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We: A Novel

We: A Novel

Написано Yevgeny Zamyatin

Озвучено Louise Brealey, Margaret Atwood и Toby Jones


We: A Novel

Написано Yevgeny Zamyatin

Озвучено Louise Brealey, Margaret Atwood и Toby Jones

оценки:
3/5 (1 860 оценки)
Длина:
9 часов
Издатель:
Издано:
2 нояб. 2021 г.
ISBN:
9780063068469
Формат:
Аудиокнига

Описание

The chilling dystopian novel that influenced George Orwell while he was writing 1984, with a new introduction by Margaret Atwood and an essay by Ursula Le Guin

In a glass-enclosed city of perfectly straight lines, ruled over by an all-powerful “Benefactor,” the citizens of the totalitarian society of OneState are regulated by spies and secret police; wear identical clothing; and are distinguished only by a number assigned to them at birth. That is, until D-503, a mathematician who dreams in numbers, makes a discovery: he has an individual soul. He can feel things. He can fall in love. And, in doing so, he begins to dangerously veer from the norms of his society, becoming embroiled in a plot to destroy OneState and liberate the city.

Set in the twenty-sixth century AD, We was the forerunner of canonical works from George Orwell and Alduous Huxley, among others. It was suppressed for more than sixty years in Russia and remains a resounding cry for individual freedom, as well as a powerful, exciting, and vivid work of science fiction that still feels relevant today. Bela Shayevich’s bold new translation breathes new life into Yevgeny Zamyatin’s seminal work and refreshes it for our current era. 

Издатель:
Издано:
2 нояб. 2021 г.
ISBN:
9780063068469
Формат:
Аудиокнига

Об авторе

Yevgeny Zamyatin was born in Russia in 1884. Arrested during the abortive 1905 revolution, he was exiled twice from St. Petersburg, then given amnesty in 1913. We, composed in 1920 and 1921, elicited attacks from party-line critics and writers. In 1929, the Russian Association of Proletarian Writers launched an all-out attack against him. Denied the right to publish his work, he requested permission to leave Russia, which Stalin granted in 1931. Zamyatin went to Paris, where he died in 1937. Mirra Ginsburg is a distinguished translator of Russian and Yiddish works by such well-known authors as Mikhail Bulgakov, Isaac Babel, Isaac Bashevis Singer, and Fyodor Dostoevsky. Editor and translator of three anthologies of Soviet science fiction, she has also edited and translated A Soviet Heretic: Essays by Yevgeny Zamyatin, and History of Soviet Literature by Vera Alexandrova.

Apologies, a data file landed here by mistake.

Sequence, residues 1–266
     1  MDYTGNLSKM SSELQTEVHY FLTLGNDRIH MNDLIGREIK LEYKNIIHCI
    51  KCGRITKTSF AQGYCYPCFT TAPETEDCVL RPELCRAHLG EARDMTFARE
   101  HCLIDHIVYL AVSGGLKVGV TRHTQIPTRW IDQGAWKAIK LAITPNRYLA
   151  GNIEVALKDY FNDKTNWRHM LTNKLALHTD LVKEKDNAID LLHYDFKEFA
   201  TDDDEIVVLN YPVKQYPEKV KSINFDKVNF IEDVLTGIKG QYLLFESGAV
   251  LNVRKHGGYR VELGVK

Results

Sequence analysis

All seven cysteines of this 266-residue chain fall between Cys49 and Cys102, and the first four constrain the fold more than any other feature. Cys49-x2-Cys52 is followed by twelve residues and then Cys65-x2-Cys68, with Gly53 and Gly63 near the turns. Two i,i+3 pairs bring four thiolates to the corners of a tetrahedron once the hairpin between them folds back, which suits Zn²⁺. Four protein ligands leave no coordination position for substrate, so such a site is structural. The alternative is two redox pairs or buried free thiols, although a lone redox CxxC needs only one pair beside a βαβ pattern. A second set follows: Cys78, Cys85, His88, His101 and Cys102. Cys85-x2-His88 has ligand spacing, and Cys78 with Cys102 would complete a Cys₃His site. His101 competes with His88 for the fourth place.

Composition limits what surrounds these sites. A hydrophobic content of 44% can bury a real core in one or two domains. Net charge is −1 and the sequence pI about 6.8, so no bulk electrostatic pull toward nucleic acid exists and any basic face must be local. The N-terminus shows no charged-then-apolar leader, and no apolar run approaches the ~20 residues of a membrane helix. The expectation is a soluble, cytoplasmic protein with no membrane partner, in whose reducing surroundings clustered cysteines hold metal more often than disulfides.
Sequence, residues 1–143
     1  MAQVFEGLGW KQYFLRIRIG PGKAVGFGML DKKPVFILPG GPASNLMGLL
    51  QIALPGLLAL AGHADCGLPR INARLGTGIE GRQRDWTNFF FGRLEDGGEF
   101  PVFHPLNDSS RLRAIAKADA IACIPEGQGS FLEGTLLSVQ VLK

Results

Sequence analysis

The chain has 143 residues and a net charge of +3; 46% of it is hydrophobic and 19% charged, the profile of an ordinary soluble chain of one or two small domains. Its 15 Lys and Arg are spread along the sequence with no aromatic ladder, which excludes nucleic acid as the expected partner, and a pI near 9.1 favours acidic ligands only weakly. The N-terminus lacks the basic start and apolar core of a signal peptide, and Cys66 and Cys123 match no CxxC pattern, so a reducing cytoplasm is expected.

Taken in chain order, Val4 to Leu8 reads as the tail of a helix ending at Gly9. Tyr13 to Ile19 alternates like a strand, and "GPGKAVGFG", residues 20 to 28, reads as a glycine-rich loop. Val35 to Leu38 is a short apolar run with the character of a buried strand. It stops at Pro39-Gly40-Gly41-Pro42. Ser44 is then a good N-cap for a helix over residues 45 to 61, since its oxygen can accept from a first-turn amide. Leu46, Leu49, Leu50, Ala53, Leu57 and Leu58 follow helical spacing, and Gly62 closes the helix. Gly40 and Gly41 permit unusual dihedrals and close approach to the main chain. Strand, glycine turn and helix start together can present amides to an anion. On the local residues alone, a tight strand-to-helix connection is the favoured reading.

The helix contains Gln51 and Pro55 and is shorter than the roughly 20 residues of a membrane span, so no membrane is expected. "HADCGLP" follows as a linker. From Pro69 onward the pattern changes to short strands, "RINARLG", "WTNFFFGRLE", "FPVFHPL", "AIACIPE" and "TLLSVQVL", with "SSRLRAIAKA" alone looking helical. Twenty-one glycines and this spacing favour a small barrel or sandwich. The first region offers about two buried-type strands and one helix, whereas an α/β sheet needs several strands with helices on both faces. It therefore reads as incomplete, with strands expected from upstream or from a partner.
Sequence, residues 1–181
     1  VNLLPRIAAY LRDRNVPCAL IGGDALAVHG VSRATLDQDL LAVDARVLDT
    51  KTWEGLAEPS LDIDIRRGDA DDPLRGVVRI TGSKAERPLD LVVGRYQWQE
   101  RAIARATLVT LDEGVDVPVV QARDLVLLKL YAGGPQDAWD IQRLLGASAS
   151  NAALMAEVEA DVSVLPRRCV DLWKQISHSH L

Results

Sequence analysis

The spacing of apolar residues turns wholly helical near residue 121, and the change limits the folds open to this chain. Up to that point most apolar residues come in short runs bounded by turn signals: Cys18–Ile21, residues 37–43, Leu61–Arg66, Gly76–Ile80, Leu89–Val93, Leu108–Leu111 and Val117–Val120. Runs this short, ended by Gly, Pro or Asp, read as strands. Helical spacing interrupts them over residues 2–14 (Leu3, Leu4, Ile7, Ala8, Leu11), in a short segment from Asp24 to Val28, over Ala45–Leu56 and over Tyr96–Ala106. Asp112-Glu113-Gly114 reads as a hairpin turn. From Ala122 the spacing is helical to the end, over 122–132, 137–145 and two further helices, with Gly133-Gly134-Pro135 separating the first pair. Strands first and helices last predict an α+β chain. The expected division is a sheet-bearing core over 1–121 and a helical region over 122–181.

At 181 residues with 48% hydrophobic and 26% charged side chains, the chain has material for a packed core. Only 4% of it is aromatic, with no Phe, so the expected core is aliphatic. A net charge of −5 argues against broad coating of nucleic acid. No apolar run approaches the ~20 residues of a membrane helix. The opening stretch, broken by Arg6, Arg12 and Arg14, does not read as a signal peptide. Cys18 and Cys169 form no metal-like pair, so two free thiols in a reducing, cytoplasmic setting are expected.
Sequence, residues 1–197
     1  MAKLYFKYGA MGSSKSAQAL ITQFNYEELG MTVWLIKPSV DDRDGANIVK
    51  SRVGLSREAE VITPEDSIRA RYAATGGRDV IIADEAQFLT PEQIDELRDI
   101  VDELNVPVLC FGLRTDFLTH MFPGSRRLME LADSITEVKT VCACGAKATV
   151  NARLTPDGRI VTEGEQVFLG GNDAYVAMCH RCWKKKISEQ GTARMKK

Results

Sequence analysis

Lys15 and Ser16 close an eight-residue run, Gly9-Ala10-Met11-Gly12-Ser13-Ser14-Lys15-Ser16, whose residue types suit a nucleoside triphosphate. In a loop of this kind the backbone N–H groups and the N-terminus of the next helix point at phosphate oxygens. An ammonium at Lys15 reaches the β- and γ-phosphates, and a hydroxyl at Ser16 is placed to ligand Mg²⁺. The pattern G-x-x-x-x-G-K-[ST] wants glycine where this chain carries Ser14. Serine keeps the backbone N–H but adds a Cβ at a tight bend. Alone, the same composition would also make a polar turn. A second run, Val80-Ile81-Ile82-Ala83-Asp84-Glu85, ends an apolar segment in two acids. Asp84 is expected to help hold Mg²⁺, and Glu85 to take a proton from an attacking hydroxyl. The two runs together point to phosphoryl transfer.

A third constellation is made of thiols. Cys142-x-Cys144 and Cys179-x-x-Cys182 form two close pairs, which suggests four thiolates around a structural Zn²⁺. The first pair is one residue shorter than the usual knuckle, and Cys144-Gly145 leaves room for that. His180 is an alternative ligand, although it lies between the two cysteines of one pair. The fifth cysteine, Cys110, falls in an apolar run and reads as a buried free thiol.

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3.1
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  • (5/5)
    The prototype of dystopian literature. Better than 1984 said Orwell. Masterfully thought-provoking. The ancillary material- Atwood, Le Guin, the translator - make this the edition to read.
    And the narration? So superbly heartfelt and intelligent that the listener is effectively transported into the world the author intended.
  • (1/5)
    Not rating the book- rating the fact the it is unavailable now. Russian literary authors- who are long dead- should not be apart of this political cancellation war.
  • (4/5)
    I never heard of it before. Reading it felt like what I imagine reading Neuromancer must be like to a cyberpunk fan who's read 100s of modern cyberpunk novels.
  • (4/5)
    This is the dystopian novel that inspired Brave New World, Animal Farm, and 1984. This is a book about communism run rampart, where everything is dictated by numbers, even names of people.The world of the One State is ingeniously written, instead of Human Instinct being suppressed, it re-directs its citizens to hate those that the state hates, love what the state loves. It even manages to have poetry that is about the perfection of math. As a result, strong attachment towards others is to be a sickness.The story is written through a diary/journal type. Each day, entry. The Builder (D-503, everyone is a number in this world) of the ship Integral, whose mission is to travel to alien planets and convert those they find to the perfectness that is the One State, is targeted by I-330. She does this slowly, igniting human passions that are unknown by the builder.The book was written in 1920 - but feels modern. Women and men do different work, D-503 is disgusted with his neighbor who has "negroid" lips. But, for the most part, the society is equal - in that full transparency (both figuratively and literally). I'd have like to know more about the top of this world-is there an actual builder at the top, but we know what the Builder knows, and he, and his fellow citizens, are kept in the dark about how decisions are made.
  • (4/5)
    Overall an interesting book. Unfortunately it didn't hold my attention very well and I'm sure that's just due to the plot. It was very well written, but maybe the way this dystopian society was so confirmed and VERY based on mathematical algorithms just didn't work for me. I like my dystopia's a little gritty and this was sterile to me.